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The Africa - European Union: Energy Partnership, Fiche 2

The Africa - European Union: Energy Partnership, Fiche 2

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Published by: development4all on Nov 19, 2008
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06/16/2009

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cooperation
energy
 
The international policy dialogue
The UN Millennium Projecthas, atthe requestofformer UN Secretary-GeneralKofi Annan, identified practicalstrategiesto meetthe Millennium DevelopmentGoals(MDGs). Itemphasisesthe need for scaled-up invest-mentsin health, education and infrastructure, alongsideeffortsto promote gender equalityand environmentalsustainability. These conclusionsunderline the urgentneed to improve accessto energyservicesto reach theMDGs.Manydonorsare increasing their supportto infrastruc-ture. Decisionsmade at2002 World SummitonSustainable Development(WSSD) in Johannesburg led tonew commitmentsin the energysector. DecisionsattheBonn InternationalConference for Renewable Energiesin2004 and the G8 GleneaglesSummitin 2005 demandedan increase in the use ofclean energyin developing andemerging countries. These internationaldevelopmentsled to intensified EU energydialogueswith internationalpartners, including Africa.
Energy– a crosscutting themein EU developmentpolicies
In July2002, on the eve ofthe Johannesburg WorldSummit, the European Commission adopted a Communi-cation on the EU’s“Energycooperation with the devel-oping countries.” The Communication setsoutacomprehensive policyframeworkfor energycooperationwith developing countriesfocusing on povertyreduction,securityofsupplyand environmentalprotection. TheCommunication highlightsthatrenewable energysolu-tionsoften prove to be cost-effective in meeting ruralelectricityneeds.Recognising the crosscutting nature ofenergyand itsimportantlinkageswith development, the EU launchedthe EU EnergyInitiative for PovertyEradication andSustainable Development(EUEI) atthe 2002 WorldSummit. Thisisa European commitmentto increase theprovision ofadequate, affordable and sustainable energyservicesto the poor. The EUEI servesasa frameworkfor coordination among EU Member Statesand with theEuropean Commission, aswellasfacilitating dialoguewith developmentpartners.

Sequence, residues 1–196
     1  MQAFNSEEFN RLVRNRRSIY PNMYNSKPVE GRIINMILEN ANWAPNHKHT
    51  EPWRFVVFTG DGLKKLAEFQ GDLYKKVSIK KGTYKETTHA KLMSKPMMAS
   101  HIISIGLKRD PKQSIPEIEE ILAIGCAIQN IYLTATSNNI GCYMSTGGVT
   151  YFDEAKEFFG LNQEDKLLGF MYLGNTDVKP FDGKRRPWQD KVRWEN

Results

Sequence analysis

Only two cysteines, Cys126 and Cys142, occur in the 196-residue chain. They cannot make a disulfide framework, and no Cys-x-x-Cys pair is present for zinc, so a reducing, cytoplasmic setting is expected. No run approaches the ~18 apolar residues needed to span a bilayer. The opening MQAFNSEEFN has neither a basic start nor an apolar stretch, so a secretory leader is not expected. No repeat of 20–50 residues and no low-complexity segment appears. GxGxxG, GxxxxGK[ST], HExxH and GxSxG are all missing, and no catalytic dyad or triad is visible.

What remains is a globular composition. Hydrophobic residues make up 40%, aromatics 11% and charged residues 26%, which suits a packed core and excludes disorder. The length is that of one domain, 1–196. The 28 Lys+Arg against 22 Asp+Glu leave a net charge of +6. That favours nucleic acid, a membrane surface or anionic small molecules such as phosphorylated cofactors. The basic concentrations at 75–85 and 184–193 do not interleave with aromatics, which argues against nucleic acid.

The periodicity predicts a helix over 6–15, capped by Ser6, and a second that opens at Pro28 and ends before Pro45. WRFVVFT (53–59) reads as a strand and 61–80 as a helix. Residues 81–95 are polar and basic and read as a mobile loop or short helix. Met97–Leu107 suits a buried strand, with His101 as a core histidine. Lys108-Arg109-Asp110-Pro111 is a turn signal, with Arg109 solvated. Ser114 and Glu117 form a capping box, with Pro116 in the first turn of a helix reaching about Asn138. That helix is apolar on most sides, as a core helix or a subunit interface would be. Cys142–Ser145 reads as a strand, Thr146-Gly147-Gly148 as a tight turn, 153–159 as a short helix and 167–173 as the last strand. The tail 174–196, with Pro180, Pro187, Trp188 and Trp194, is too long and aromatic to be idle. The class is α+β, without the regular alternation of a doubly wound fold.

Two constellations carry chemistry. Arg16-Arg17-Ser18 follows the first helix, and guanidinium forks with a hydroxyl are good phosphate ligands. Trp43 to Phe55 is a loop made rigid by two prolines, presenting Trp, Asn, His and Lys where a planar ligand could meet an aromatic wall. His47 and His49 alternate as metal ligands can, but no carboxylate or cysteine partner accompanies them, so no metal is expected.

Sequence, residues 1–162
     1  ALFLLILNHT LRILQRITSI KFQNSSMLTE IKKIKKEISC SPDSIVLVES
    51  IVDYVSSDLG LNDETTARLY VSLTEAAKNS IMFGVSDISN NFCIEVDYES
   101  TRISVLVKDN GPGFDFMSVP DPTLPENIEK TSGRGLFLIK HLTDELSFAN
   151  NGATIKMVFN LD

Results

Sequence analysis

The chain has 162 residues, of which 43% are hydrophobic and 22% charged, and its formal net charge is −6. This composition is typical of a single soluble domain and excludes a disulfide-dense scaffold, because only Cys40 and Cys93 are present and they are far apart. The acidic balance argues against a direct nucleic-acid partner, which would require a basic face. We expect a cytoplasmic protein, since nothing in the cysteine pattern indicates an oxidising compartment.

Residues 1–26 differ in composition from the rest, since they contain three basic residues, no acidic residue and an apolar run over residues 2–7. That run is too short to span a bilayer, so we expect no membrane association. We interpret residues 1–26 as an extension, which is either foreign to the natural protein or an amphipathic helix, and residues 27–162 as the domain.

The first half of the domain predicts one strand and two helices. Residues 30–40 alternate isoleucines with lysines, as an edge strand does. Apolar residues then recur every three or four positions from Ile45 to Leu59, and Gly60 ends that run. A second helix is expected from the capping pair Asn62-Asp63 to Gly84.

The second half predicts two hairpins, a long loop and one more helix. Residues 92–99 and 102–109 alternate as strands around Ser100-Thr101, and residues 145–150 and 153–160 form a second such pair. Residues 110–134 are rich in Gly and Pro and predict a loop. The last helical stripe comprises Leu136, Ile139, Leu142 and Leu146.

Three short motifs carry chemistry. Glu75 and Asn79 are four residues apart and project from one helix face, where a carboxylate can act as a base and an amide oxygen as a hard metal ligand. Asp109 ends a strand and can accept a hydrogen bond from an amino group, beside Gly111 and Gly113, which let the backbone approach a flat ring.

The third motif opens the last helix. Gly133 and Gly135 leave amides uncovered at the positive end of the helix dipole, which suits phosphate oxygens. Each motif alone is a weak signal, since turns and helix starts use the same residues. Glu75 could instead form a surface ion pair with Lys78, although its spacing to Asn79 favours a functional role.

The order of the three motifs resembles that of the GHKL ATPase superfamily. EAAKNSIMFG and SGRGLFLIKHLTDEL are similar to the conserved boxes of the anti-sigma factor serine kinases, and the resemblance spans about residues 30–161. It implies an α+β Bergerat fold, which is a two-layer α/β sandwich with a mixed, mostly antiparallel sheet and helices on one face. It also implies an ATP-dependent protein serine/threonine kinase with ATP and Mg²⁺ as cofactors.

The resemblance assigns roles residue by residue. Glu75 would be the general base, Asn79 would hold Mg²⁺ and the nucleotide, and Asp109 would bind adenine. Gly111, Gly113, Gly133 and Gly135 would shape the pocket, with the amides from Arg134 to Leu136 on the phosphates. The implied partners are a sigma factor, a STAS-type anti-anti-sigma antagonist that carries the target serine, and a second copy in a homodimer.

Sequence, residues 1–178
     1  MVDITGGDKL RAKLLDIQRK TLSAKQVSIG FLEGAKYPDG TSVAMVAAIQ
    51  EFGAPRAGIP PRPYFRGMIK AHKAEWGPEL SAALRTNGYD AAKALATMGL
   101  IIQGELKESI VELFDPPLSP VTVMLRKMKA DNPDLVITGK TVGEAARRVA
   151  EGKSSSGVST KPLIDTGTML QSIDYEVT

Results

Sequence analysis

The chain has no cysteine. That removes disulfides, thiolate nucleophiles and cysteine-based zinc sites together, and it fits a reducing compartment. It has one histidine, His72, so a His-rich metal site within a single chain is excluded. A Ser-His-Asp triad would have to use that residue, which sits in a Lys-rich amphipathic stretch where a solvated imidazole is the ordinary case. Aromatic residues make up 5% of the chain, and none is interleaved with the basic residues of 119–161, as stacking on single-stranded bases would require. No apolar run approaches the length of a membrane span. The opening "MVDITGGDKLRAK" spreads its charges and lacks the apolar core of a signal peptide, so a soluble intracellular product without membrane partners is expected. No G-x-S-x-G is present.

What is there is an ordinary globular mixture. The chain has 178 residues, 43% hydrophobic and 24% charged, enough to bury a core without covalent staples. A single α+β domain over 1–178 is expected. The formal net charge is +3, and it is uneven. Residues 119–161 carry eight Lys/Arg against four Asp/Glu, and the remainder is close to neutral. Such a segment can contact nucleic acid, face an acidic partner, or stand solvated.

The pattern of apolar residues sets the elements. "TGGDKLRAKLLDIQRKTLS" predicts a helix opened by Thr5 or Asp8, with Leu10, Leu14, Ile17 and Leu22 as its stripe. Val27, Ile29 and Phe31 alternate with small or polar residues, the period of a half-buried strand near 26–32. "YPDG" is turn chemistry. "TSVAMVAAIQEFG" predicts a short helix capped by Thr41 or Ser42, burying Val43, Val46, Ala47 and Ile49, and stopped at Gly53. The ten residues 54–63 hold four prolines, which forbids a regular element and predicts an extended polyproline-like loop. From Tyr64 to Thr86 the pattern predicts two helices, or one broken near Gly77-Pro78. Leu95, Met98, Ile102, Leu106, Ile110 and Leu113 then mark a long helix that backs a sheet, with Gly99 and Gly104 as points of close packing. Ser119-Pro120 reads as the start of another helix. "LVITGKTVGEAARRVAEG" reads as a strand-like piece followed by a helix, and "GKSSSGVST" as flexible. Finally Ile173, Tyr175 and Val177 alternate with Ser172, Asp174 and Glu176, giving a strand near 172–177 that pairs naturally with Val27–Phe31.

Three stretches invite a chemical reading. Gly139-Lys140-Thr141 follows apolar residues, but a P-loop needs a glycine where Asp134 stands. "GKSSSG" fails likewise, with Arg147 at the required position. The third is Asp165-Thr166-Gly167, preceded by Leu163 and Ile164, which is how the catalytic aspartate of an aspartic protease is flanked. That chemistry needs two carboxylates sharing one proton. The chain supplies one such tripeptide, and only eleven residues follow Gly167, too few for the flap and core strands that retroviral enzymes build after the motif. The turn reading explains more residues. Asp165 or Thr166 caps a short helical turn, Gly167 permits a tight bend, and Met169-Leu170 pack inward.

The European Consensus(2005) laysdown guiding prin-ciplesfor developmentassistance and for the firsttimeincludesenergyasa priorityfor the EU Commission andMember States. A number offunding instrumentswereestablished – the ACP-ECEnergyFacility, the COOPENERProgramme and the Member State-funded PartnershipDialogue Facility(PDF). In addition, the EU-AfricaPartnership on Infrastructure wascreated to facilitateinvestmentsin electricitygeneration, cross-border inter-connections, grid extension and ruraldistribution. The EUalso launched the Johannesburg Renewable EnergyCoalition (JREC) asa high-levelinitiative focusing specif-icallyon renewable energyand complementing the EUEIand other EU-led energypartnerships.
Reinforcing the EU-Africa energydialogue
The increased internationalattention on energyissuesdemanded a renewalofthe energydialogue between EUand Africa and resulted in a jointcallfor a comprehensiveenergypartnership. In line with this, the EU proposed tointegrate Europe'senergyand developmentpoliciesin a"win-win” situation for both continents. Africa standstobenefitfrom EU effortsto diversifyitsenergysupplyandto develop energyefficientand renewable energytech-nologies, which are vitalenergyelementsfor a sustain-able future ofboth Europe and developing countries.These developmentsled to the Africa-EU EnergyPartnership launched atthe Africa-EU Lisbon SummitinDecember 2007, which providesa long-term frameworkfor policydialogue and specificactions.
Complementing other internationalinitiatives
The Africa-EU EnergyPartnership buildson andcomplementsexisting structuresand initiatives:the EU EnergyInitiative for PovertyEradication andSustainable Development, the EU-AfricaPartnership on Infrastructure, the ACP-ECEnergyFacilityand the EU ThematicProgramme for Environmentand Sustainable Managementof NaturalResourcesIncluding Energy. The latter includescontributionsto the GlobalEnergyEfficiencyand Renewable EnergyFund.Within the EnergyPartnership, the EU willidentifysynergieswith or contribute to other internationalinitiatives, such asthe Infrastructure Consortiumfor Africa, the World Bank’sClean Energyfor DevelopmentInvestmentFramework, the GlobalGasFlaring Partnershipsand the ExtractiveIndustriesTransparencyInitiative.
synergies
 
The Energy Facility –identifying priorities together
The 2003 EUEI Energyfor Africa Conference inNairobi wasa milestone in the energydialoguebetween Africa and Europe. Recommendationsadopted by40 African countriesidentified thefollowing priorities:Ruralenergyin generaland ruralelectrificationin particular.Energyfor households, biomassandsubstitutes.Strategiesand policiesfor the sector atnationaland regionallevel.Capacitybuilding atalllevels.The prioritiesofthe Nairobi Conference werereflected in the design ofthe ACP-ECEnergyFacilitythatcompleted itsfirstcallfor proposalsin 2007.Along the linesofthe Nairobi recommendations,the EnergyFacilityhasa strong focusonco-investing in projectsthatimprove accessto energyin ruraland remote areas.
EnergyFacility

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